Weld SiteCommunity Documentation

Chapter 19. Configuration

19.1. Weld configuration
19.1.1. Relaxed construction
19.1.2. Concurrent deployment configuration
19.1.3. Thread pool configuration
19.1.4. Non-portable mode during application initialization
19.1.5. Bounding the cache size for resolved injection points
19.1.6. Debugging generated bytecode
19.1.7. Injectable reference lookup optimization
19.1.8. Bean identifier index optimization
19.1.9. Development Mode
19.2. Excluding classes from scanning and deployment
19.3. Mapping CDI contexts to HTTP requests

Weld can be configured per application through the set of properties. All the supported configuration properties are described in the following subsections.

Each configuration property can be specified (by priority in descending order):

  1. In a properties file named weld.properties
  2. As a system property
  3. By a bootstrap configuration provided by an integrator

If a configuration key is set in multiple sources (e.g. as a system property and in a properties file), the value from the source with higher priority is taken, other values are ignored. Unsupported configuration keys are ignored. If an invalid configuration property value is set, the container automatically detects the problem and treats it as a deployment problem.

For certain types of tasks Weld uses its own thread pool. The thread pool is represented by the ExecutorServices service.

First of all, let’s see what types of thread pools are available:

Thread pool typeDescription


Uses a fixed number of threads. The number of threads remains the same throughout the application.


Uses a fixed number of threads. A thread will be stopped after a configured period of inactivity.


A single-threaded thread pool


No executor is used by Weld


The default ForkJoinPool.commonPool() is used by Weld. See link for more details

Now let’s see how to configure Weld to use a particular thread pool type:


It’s possible to alter the thread pool configuration using the deprecated org.jboss.weld.executor.properties file located on the classpath. The keys are threadPoolType, threadPoolSize, threadPoolKeepAliveTime and threadPoolDebug.

CDI 1.1 allows you to exclude classes in your archive from being scanned, having container lifecycle events fired, and being deployed as beans. See also 12.4. Bean discovery.


Weld still supports the original non-portable way of excluding classes from discovery. The formal specification can be found in the xsd, located at http://jboss.org/schema/weld/beans_1_1.xsd. Unlike Weld, the CDI specification does not support regular expression patterns and ! character to invert the activation condition.

All the configuration is done in the beans.xml file. For more information see Section 15.6, “Packaging and deployment”.

<?xml version="1.0" encoding="UTF-8"?>
<beans xmlns="http://xmlns.jcp.org/xml/ns/javaee">


        <!-- Don't deploy the classes for the swing app! -->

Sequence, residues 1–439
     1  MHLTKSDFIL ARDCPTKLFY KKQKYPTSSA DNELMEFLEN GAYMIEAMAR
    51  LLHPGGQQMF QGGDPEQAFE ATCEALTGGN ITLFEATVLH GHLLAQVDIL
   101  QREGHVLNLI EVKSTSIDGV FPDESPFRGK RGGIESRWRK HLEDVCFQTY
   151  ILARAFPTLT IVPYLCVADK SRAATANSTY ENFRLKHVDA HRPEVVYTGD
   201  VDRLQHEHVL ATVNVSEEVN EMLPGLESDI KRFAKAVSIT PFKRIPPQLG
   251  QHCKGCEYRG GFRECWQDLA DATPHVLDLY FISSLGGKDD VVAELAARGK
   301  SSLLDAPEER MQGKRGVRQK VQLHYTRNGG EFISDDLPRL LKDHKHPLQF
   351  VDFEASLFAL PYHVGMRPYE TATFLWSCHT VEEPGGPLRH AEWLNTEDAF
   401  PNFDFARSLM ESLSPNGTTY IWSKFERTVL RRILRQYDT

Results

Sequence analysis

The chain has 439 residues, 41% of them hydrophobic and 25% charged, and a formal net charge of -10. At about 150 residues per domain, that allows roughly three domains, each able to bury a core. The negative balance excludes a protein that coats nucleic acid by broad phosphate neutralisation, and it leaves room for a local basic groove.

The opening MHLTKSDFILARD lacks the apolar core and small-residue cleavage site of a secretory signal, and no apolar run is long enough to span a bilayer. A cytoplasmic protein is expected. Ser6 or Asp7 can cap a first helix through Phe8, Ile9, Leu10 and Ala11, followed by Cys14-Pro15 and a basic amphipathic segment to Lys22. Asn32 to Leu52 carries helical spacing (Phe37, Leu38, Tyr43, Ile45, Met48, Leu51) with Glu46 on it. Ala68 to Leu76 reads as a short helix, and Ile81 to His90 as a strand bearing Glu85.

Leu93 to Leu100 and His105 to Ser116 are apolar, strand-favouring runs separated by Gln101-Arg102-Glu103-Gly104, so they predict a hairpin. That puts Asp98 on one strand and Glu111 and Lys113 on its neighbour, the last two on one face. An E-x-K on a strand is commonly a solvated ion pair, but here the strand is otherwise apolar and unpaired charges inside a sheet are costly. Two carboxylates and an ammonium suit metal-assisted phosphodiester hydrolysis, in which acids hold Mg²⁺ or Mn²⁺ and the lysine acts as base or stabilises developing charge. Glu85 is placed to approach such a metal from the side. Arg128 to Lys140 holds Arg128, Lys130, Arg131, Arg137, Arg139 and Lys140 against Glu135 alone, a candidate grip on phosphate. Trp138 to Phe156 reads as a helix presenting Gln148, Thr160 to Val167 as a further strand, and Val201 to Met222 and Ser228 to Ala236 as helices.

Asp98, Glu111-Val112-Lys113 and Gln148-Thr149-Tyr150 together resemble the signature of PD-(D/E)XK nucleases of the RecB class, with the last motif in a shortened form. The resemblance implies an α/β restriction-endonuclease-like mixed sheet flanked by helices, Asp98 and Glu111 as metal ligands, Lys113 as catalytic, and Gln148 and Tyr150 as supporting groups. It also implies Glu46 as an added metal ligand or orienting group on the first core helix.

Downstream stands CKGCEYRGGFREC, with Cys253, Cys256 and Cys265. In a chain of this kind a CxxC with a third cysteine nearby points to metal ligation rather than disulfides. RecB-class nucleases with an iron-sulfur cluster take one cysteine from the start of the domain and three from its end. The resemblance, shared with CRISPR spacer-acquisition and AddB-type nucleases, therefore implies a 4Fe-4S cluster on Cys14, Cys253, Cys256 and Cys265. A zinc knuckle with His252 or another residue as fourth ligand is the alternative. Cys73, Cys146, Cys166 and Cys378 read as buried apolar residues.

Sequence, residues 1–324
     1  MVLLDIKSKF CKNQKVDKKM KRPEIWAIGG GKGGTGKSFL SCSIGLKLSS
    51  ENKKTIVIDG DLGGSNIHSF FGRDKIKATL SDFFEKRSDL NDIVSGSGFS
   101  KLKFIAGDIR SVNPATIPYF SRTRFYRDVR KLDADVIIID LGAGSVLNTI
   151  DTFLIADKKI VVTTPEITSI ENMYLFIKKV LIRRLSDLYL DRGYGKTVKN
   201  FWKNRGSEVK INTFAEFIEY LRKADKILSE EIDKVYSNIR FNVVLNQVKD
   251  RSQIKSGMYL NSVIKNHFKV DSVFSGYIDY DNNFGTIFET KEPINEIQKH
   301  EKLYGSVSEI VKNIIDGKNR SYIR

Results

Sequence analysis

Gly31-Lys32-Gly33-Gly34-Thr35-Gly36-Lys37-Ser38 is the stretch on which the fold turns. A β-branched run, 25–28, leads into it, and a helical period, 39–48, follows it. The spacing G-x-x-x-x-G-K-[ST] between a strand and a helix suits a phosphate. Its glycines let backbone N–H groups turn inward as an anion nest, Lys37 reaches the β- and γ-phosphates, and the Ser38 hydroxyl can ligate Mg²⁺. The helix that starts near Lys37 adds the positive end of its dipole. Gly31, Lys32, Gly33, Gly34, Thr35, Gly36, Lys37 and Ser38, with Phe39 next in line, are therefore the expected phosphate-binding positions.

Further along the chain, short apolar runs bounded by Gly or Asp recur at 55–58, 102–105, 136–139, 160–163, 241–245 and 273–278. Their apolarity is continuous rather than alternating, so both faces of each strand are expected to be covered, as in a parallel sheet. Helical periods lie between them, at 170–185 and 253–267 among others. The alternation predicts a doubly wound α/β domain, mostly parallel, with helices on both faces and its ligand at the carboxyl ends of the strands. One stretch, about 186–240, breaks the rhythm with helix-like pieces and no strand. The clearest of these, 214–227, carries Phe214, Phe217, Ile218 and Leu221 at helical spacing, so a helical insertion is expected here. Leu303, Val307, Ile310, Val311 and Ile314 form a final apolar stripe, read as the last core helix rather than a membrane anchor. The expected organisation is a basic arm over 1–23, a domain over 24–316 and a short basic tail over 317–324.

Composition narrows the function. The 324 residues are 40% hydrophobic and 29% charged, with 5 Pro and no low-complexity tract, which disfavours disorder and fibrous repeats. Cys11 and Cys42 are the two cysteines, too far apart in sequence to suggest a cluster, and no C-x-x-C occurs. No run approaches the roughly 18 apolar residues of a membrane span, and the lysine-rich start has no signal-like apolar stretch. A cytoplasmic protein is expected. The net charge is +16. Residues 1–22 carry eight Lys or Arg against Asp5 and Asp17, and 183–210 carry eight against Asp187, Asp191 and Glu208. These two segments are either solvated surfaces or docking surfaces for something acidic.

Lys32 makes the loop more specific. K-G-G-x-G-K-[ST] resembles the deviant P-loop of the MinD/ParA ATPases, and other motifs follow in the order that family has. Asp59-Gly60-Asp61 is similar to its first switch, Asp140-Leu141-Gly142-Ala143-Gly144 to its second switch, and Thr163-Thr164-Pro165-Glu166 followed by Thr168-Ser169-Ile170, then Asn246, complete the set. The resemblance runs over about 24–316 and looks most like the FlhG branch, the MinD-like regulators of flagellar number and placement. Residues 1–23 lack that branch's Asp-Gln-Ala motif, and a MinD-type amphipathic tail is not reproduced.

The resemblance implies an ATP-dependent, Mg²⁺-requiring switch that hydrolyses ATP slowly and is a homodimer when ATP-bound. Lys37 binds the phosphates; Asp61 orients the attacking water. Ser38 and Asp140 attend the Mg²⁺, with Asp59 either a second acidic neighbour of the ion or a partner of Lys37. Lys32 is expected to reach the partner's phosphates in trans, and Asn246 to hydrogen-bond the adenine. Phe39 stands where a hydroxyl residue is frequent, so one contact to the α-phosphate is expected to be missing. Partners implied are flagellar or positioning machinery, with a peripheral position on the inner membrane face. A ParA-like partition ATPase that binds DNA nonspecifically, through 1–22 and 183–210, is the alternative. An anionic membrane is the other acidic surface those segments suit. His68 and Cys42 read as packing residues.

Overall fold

<exclude name="com.acme.swing.**" />

        <!-- Don't include GWT support if GWT is not installed -->
        <exclude name="com.acme.gwt.**">
            <if-class-not-available name="com.google.GWT"/>

            Exclude types from com.acme.verbose package if the system property verbosity is set to low
              java ... -Dverbosity=low
        <exclude name="com.acme.verbose.*">
            <if-system-property name="verbosity" value="low"/>

             Don't include JSF support if Wicket classes are present, and the viewlayer system
             property is set
        <exclude name="com.acme.jsf.**">
            <if-class-available name="org.apache.wicket.Wicket"/>
            <if-system-property name="viewlayer"/>


In this example we show the most common use cases for exercising fine control over which classes Weld scans. The first filter excludes all types whose package name starts with com.acme.swing, and in most cases this will be sufficient for your needs.

However, sometimes it’s useful to be able to activate the filter depending on the environment used. In this case, Weld allows you to activate (or deactivate) a filter based on either system properties or whether a class is available. The second filter shows the use case of disabling scanning of certain classes depending on the capabilities of the environment you deploy to - in this case we are excluding GWT support (all types whose package name starts with com.acme.gwt) if GWT is not installed.


If you specify just a system property name, Weld will activate the filter if that system property has been set (with any value). If you also specify the system property value, then Weld will only activate the filter if the system property’s value matches exactly.

The third filter shows how to exclude all types from a specific package (note the name attribute has suffix ".*").

The fourth filter shows more a advanced configurations, where we use multiple activation conditions to decide whether to activate the filter.

You can combine as many activation conditions as you like (all must be true for the filter to be activated). If you want to a filter that is active if any of the activation conditions are true, then you need multiple identical filters, each with different activation conditions.

By default, CDI contexts are activated at the beginning of an HTTP request processing and deactivated once the processing finishes. This may represent an unnecessary overhead in certain situations, for example static resource serving.

Weld allows CDI context support to be mapped to a certain subset of requests only. A regular expression may be used for filtering HTTP requests that should have CDI contexts active during their processing.

<web-app version="3.1" xmlns="http://xmlns.jcp.org/xml/ns/javaee/"
xsi:schemaLocation="http://xmlns.jcp.org/xml/ns/javaee http://xmlns.jcp.org/xml/ns/javaee/web-app_3_1.xsd">